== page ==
Swedish capitalism’s double standards
The double standard in Sweden is shocking – constantly trying to portray itself as a humanitarian superpower while also participating in the US-led war and the building of walls against refugees. On 17 October, the Swedish government awarded the Per Anger Prize, the Swedish government’s award for human rights and democracy, this time to the Afghan journalist, Najwa Alimi. She specialises in social problems and women’s rights. She was interviewed in ‘Dagens nyheter’ and described how she reacted after Donald Trump cancelled talks with the Taliban:
“We drew a deep sigh of relief. The agreement that was negotiated contained no guarantees on women’s rights. All women have reason to be worried, because if the Taliban comes back, we will lose everything we have won over the past 18 years. Women will not be allowed to work outside the home and girls will not be allowed to go to school. I don’t want to pay that price for peace.”
Afghanistan refuses to accept families with children. Therefore, it is even worse that Sweden does not allow families with children to stay – they cannot be deported either and so end up stuck in limbo. Instead, the Swedish state makes life as difficult as possible for families with children by refusing them residence and work permits and by evicting them from their accommodation etc. to make them return “voluntarily”. Despite along sit-down strike by families this summer, this humanitarian abuse is hidden in the Swedish political debate.
The sit-down strike has a proud precedent in the form of the long sit-down strike of the Afghan youth in summer and autumn 2017. This was led by a “Greta Thunberg” of the refugees, Fatemeh Khavari, who has gone on to continue fighting for refugees all over the world. The young people’s sit-down strike made serious attempts to win support from different parts of the workers’ movement and others who are fighting to defend the welfare state in Sweden. The sit-down strike also won a half-victory, which has allowed thousands of young people to stay, as long as they study in high school.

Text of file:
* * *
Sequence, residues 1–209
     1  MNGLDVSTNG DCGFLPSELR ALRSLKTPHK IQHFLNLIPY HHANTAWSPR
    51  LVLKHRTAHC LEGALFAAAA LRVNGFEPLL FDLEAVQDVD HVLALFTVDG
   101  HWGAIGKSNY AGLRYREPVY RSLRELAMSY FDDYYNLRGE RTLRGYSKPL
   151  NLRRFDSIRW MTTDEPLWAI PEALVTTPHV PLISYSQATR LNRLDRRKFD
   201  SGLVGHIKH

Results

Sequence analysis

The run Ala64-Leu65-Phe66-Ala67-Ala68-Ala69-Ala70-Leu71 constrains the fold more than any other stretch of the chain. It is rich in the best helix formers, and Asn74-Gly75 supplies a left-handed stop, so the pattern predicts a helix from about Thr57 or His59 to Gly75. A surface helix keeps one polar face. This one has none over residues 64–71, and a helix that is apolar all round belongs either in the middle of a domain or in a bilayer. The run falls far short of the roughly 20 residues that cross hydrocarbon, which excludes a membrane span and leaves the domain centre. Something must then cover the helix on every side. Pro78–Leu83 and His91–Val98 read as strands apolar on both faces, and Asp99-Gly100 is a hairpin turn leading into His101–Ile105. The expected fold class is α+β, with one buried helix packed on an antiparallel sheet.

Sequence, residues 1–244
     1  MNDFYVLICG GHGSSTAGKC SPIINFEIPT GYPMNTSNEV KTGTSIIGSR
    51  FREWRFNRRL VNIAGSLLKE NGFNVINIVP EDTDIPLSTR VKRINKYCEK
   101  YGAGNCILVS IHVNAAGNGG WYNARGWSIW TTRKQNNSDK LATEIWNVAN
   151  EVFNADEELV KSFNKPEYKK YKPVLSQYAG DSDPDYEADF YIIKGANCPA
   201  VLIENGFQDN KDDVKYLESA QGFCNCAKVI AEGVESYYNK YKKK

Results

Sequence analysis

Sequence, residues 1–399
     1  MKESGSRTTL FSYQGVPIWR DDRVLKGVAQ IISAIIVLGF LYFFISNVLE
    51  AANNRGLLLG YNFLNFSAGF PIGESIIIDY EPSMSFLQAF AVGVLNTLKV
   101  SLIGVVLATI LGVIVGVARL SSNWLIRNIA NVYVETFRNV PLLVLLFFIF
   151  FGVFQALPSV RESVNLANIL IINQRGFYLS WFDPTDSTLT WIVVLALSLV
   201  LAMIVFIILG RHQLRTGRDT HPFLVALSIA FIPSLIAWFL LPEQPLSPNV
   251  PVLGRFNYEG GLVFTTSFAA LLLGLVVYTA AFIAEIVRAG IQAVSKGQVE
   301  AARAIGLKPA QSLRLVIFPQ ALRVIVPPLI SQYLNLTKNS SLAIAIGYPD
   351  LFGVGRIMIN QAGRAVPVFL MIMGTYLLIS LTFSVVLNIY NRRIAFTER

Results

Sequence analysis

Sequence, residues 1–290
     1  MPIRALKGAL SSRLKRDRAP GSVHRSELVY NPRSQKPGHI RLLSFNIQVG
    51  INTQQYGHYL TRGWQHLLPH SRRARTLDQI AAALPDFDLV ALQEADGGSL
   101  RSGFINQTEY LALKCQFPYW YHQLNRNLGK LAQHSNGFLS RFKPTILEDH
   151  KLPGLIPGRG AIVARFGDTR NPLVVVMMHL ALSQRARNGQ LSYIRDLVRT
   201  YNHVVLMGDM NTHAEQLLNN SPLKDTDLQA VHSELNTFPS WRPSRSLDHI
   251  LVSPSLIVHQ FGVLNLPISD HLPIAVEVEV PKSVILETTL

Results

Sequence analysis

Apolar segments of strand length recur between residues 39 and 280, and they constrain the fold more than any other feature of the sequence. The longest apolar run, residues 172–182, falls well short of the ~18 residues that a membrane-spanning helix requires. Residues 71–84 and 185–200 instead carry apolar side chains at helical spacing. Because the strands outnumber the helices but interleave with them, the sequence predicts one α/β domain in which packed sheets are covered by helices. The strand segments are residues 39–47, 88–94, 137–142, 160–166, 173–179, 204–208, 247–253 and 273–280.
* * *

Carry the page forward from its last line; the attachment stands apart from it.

But the political establishment has, since then, taken further steps closer to the conservative, racist right. The government consists of the Social Democrats and the Green Party and governs in agreement with the Centre Party and the Liberals. The attacks on welfare and workers’ rights have never been so hard. The racist Sweden Democrats demand not only zero immigration but also programmes for refugees to return. The largest traditional right-wing party, the Moderates, demand 70% less asylum seekers in Sweden! And the government has decided to keep the new refugee law from 2015, that we have referred to as the “shock doctrine” and which has led Sweden from having one of the highest refugee reception rates to having some of the toughest asylum laws in Europe.
Rättvisepartiet Socialisterna (CWI in Sweden) supports and participates in the refugees’ strikes. We demand that the workers’ movement as a whole also participates. When the workers’ movement does not defend the right to asylum, the right exploits the situation by pitting groups against each other. Now, for example, they have managed to get through legislation that allows for significantly lower wages for new arrivals, which will lead to a reduction in wages for all. In reality, the welfare state is dependent on more people moving to Sweden since so few are already working within the education sector and in health and social care. International solidarity has, since the days of the Communist Manifesto, been a guide for socialists and that banner must be raised again.